Summer 2015 - Dana-Farber/Brigham and Women`s Cancer Center

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Summer 2015 - Dana-Farber/Brigham and Women`s Cancer Center
Oncology
Advances
Summer 2015
Page 2
PD-1 Inhibitor Trials Target Gastrointestinal Cancers, Span Many Cancer Types in
Combination Studies
Immunotherapy trials at Dana-Farber/Brigham and Women’s
Cancer Center using PD-1 inhibitors have expanded to include
studies for several gastrointestinal cancers and combination
studies spanning a wide range of cancers.
Page 4
New Study Finds Many Patients Choose Mastectomy, Despite Eligibility for
Breast Conserving Therapy
At the American Surgical Association’s 135th Annual Meeting,
Mehra Golshan, MD, a breast surgeon at Brigham and Women’s
Hospital and Medical Director of International Oncology Programs
at Dana-Farber/Brigham and Women’s Cancer Center, presented
findings of a multicenter study evaluating the impact of neoadjuvant
chemotherapy in Stage II-III triple negative breast cancer on eligibility for breast conserving surgery and breast conservation rates.
Page 5
New Clinic Studies Innovative Approaches to Prevent the Progression of Blood
Cancer in Patients with Precursor Conditions
The new Blood Cancer Prevention of Progression Clinic is
designed to enhance the understanding of the progression and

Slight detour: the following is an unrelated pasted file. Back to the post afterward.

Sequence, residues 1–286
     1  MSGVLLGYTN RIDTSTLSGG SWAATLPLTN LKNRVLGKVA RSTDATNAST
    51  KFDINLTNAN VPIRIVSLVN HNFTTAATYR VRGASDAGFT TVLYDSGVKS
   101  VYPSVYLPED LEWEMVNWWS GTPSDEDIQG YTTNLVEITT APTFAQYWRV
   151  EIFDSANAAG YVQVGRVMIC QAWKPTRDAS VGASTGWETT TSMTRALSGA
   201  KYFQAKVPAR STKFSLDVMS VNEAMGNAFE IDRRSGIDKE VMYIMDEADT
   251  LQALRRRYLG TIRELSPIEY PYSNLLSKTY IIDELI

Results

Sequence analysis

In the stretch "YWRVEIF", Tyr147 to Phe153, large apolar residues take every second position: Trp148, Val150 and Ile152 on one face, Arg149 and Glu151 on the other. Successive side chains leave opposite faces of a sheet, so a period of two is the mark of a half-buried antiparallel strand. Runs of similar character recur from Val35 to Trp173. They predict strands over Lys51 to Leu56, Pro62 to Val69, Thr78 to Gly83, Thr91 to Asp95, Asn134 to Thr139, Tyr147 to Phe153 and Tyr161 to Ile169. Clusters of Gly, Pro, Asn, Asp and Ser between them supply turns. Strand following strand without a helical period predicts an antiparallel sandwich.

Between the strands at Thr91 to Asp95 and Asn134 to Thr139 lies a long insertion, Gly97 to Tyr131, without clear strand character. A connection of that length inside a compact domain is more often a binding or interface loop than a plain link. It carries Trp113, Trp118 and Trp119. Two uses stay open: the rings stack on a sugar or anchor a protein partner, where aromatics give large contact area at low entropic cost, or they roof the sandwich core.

clonal evolution of blood cancers in order to provide targeted
approaches to prevent the development of blood cancers in
patients with precursor conditions.
Page 6
Thyroid Cancer Center Focuses on Targeted Therapy, Tailored Approaches to
Evaluation and Treatment
The multidisciplinary team in the new Thyroid Cancer Center
is employing novel approaches to the evaluation, diagnosis,
treatment, and management of all forms of thyroid cancer, as
well as nodular disease.
Page 7
Now Available: Next Day Access for New Patients in Boston
2 | Oncology Advances
PD-1 Inhibitor Trials Target Gastrointestinal Cancers, Span Many Cancer Types in
Combination Studies
Immunotherapy trials at Dana-Farber/Brigham and Women’s
Cancer Center using PD-1 inhibitors have expanded to include
studies for several gastrointestinal cancers and combination
studies spanning a wide range of cancers.
of gastric cancers. An earlier phase study of PD-1 inhibition
across a range of cancers also showed specific benefit in patients with gastric cancer.
The Center for Immuno-Oncology at Dana-Farber/Brigham
and Women’s Cancer Center, led by Director F. Stephen Hodi,
Jr., MD, and Clinical Director Patrick A. Ott, MD, PhD, offers
more than 20 early phase immunotherapy trials using a variety
of approaches. Dr. Hodi and Dr. Ott also collaborate with disease center leaders at Dana-Farber/Brigham and Women’s
Cancer Center to initiate immunotherapy trials in cancers
where immunotherapy has not traditionally been used.
A New Approach for Gastrointestinal Cancers
The Gastrointestinal Cancer Center at Dana-Farber/Brigham
and Women’s Cancer Center is currently enrolling patients in
a phase II trial of the PD-1 inhibitor pembrolizumab for patients
with metastatic gastric or gastroesophageal junction
adenocarcinoma who have progressed on at least two prior
chemotherapy regimens, including trastuzumab. Charles
Fuchs, MD, MPH, Director of the Gastrointestinal Cancer